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to understand that air pollution in Fresno has been created by combination of factors. A
combination of factors that should be considered equally when formulating plans to improve the
air quality in Fresno. Among the various factors that contribute to the bad air quality that Fresno
faces are its growing population, massive use of mobile sources, heavy use of agricultural
equipment, its geographic location, droughts, and mitigation of polluting sources by local air
board with local business practices. The first thing that should be identified is where the problem
gained momentum to achieve the scale at which it is today. According to an article in The City
Lab, air quality has significantly degraded within the past decade in which there has been a

noticeable 16% increase in the Fresno population. This population increased resulted in an
increase of urban sprawl and higher automobile usage. This population growth was not only the
result of births in Fresno but was actually caused by the increase of housing prices in the coastal
region between 2000 and 2007 which forced many individuals living in the coastal region to
move inland where housing prices where cheaper (Alamo et al,2015). The rising prices in these
coastal regions continue to be a problem today, meaning that population growth is expected in
inland cities such as Fresno. Given the population rise in Fresno, it is necessary to improve the
air quality in this region so that less individuals be harmed by the challenges that current
residents face every day.
Another constant source contributing to the worsening of air quality in the area are
mobile source emissions. The Fresno area constantly fails to achieve the state air quality
standards as a result of a large accumulation of air pollutants largely caused by mobile sources,
industrial businesses, and agricultural practices. The most harmful pollutant in the Fresno area is
particulate matter 2.5 (PM2.5),a complex mixture which can be generated directly in the form of
soot, smoke, and dust or can form in the atmosphere from the reactions of precursor gases,

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including NOx, SOx, VOCs, and ammonia (Velasco) These gases are prominently emitted in the
San Joaquin Valley, which makes it imperative for the region to implement a regulation plan.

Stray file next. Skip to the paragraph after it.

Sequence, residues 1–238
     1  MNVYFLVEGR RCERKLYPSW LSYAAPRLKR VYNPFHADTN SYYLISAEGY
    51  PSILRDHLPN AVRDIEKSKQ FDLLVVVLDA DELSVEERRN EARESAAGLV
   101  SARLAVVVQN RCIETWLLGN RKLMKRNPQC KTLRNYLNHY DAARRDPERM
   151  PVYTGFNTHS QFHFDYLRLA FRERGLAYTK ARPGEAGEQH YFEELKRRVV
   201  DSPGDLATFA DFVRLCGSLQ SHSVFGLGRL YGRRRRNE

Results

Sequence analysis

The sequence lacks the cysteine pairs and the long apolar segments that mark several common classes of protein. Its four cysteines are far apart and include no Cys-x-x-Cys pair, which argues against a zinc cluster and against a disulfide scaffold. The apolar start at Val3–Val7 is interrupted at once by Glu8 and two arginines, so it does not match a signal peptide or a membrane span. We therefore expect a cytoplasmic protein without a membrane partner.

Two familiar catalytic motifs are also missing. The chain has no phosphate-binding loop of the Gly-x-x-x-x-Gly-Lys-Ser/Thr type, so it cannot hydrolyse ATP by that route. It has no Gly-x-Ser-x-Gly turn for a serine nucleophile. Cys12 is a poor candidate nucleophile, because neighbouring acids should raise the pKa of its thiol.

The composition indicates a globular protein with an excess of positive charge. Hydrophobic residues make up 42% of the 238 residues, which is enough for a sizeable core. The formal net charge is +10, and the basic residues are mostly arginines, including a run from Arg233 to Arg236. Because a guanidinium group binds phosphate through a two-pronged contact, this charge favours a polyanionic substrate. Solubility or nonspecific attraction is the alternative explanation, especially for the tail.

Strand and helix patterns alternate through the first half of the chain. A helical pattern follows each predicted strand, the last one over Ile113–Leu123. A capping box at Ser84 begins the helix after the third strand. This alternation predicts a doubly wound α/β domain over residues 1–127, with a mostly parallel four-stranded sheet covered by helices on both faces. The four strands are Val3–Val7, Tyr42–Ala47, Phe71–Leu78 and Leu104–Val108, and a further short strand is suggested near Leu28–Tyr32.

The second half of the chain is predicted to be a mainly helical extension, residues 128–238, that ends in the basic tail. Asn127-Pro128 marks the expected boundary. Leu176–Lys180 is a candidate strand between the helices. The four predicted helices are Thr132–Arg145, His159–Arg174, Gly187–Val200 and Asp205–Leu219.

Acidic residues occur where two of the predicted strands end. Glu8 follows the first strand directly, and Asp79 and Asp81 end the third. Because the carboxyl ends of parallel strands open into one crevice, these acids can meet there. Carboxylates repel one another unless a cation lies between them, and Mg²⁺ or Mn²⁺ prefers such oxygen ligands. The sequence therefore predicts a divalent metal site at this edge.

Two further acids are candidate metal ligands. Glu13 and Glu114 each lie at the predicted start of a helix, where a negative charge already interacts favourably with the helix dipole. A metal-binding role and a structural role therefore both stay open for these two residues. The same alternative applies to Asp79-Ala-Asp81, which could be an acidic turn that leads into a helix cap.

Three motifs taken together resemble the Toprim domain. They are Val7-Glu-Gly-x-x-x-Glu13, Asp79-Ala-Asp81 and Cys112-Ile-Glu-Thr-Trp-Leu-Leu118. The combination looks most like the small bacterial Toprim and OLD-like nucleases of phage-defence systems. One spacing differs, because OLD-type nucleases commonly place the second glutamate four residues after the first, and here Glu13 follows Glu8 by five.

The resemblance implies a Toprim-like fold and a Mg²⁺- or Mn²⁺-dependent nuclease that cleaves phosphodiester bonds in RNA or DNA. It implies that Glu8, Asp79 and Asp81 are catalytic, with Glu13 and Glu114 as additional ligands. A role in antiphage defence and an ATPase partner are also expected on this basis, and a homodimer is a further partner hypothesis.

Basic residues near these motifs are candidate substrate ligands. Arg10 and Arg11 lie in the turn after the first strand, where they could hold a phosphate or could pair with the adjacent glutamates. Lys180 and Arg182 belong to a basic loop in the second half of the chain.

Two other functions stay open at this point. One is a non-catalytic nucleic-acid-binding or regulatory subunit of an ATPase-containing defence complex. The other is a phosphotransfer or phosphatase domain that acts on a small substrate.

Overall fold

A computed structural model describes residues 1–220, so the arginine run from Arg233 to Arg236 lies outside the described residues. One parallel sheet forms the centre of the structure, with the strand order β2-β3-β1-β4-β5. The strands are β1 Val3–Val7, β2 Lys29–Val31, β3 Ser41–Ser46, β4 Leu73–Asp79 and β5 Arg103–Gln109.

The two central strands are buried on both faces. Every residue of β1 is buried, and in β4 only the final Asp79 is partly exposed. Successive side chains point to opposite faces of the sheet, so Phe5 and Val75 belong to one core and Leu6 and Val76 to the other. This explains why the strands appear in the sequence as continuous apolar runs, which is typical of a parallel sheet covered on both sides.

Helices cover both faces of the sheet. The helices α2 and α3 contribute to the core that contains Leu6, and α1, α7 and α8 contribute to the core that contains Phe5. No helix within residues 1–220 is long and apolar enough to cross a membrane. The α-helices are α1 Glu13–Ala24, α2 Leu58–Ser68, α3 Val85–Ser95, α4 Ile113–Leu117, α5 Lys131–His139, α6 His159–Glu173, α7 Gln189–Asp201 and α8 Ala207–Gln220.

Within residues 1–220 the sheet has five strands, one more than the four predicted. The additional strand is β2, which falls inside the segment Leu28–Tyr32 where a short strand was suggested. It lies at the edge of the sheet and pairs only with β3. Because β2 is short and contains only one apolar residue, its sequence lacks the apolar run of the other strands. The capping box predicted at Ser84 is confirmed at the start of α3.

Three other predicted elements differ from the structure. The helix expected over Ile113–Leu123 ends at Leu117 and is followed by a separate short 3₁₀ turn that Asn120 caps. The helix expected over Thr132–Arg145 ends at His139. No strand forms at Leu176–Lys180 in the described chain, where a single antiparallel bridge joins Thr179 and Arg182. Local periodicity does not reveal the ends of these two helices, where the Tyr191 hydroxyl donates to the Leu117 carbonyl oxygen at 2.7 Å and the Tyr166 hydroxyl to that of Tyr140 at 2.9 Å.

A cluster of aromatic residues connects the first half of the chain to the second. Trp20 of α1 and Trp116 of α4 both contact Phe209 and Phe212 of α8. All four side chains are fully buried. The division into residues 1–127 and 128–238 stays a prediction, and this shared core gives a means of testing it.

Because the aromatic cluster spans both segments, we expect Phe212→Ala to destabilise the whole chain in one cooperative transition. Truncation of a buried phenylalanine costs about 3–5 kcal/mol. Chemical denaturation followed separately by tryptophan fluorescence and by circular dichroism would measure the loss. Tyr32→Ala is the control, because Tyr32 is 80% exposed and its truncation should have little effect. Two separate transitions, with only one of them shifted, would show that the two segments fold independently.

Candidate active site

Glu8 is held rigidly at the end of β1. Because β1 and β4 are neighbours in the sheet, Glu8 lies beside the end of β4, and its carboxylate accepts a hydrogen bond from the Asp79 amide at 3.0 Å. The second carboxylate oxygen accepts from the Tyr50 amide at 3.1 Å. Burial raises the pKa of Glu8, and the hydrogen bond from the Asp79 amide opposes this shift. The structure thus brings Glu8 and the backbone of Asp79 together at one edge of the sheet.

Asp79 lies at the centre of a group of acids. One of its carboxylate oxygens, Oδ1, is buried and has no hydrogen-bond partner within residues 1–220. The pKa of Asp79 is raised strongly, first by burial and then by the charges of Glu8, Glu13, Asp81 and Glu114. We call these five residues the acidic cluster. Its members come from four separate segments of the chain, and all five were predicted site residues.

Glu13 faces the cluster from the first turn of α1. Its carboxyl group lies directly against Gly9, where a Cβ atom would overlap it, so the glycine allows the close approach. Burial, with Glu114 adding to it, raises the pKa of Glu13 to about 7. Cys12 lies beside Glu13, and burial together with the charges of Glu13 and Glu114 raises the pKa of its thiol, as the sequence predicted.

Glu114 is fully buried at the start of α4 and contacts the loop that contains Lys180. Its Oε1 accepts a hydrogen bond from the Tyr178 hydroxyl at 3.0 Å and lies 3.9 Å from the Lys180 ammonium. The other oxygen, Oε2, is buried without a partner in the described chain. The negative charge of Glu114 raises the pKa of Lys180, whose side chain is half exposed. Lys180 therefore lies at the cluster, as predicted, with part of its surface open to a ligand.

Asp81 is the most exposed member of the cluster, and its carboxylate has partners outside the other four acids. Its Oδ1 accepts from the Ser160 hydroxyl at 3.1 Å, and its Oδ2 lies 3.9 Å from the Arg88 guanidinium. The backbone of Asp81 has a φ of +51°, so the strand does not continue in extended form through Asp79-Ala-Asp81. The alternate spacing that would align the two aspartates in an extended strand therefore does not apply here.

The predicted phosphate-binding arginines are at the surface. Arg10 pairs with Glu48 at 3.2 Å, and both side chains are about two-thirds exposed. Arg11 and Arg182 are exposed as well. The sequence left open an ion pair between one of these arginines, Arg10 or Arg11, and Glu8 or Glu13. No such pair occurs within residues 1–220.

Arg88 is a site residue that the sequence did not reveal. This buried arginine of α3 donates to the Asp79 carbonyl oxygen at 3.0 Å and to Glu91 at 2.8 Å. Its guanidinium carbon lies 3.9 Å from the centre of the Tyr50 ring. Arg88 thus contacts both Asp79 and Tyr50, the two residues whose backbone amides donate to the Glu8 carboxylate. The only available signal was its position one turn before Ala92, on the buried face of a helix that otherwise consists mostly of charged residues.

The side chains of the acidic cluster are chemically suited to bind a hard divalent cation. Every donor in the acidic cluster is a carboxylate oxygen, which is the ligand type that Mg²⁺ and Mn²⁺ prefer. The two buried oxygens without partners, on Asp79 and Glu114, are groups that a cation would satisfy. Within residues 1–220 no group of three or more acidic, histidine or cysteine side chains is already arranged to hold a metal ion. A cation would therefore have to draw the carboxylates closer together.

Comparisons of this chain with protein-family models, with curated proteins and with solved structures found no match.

Nitrogen oxides are pollutants caused by mobile sources; in the San Joaquin Valley heavy duty
diesel trucks emissions are the main contributors to the current air pollution problem. In fact
Figure 3 allows us to see that heavy duty trucks are responsible for 43% of the daily NOX
Figure 3: Sources of NOx Emissions within San
emissions in the San Joaquin Valley,
Joaquin Valley Air Basin
while the transportation sector as a
whole is responsible for 76% of the
daily NOx emissions as well as 56%
of the VOC pollution (Air Pollution:
Where Does It Come From?). This
industry is the largest contributor of the
air pollution problem in the San Joaquin

Source: California Emissions Projection Analysis Model

NorCal v1.04 2013 Annual Average

Figure 3: The pie chart above shows vehicular

Valley as well as the largest contributor emissions per day. Heavy duty trucks used by local
Fresno agriculture business emit 130 tons per day of
linked to causing many health problems. NOx, 43% of the daily total.
Particulate matter 2.5 caused by diesel exhaust, found in the San Joaquin Valley, has particularly
been linked to having the potential of causing cancer, respiratory and cardiovascular problems,
because it is a microscopic particle that can be easily inhaled and become trapped in the body.
The large amounts of PM2.5 in Fresno county has increased health disease rates, in fact 1 in 6
children have asthma, and 1 in 8 adults is currently afflicted by either a pulmonary or a
cardiovascular disease. Currently in Fresno County, approximately 176,000 children and adults
have been diagnosed with asthma (Fresno County Asthma Profile) .Along with mobile sources,
stationary sources also contribute to the air pollution of the area, and they account of for 23% of

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the areas VOC pollution. (Air Pollution: Where Does It Come From?) .Although stationary and
area pollution come from small sources of pollution, the areas which are widely known to
contribute to this pollution are industrial businesses, homes, and agricultural practices. The
stationary source pollutants which can be more easily reduced, in this case are polluting practices
from homes and agricultural practices. The rest of the air pollutants that contribute to the current
air pollution in the San Joaquin Valley are naturally occurring pollution. The large accumulation
of these pollutants in the past three years has left Fresno unable to comply with federal standards,
and thus has been deemed non-attainment area. Ultimately reducing NOx emissions produced by
mobile sources, would require multiple and consistent cooperation from conscious citizens,
corporations, and the government alike. However mobile source emissions will continue to be a
problem for the area if stricter regulations and cooperation are not achieved.
Furthermore, Fresnos air pollution is worsened by its geographic location, its extremely
hot temperatures, nearby wild fires, and droughts that are prone to happen in this area and in
California in general. Fresno is located in the San Joaquin Valley, surrounded by mountains
which create a basin that traps winds and its pollutants making air circulation a bit difficult,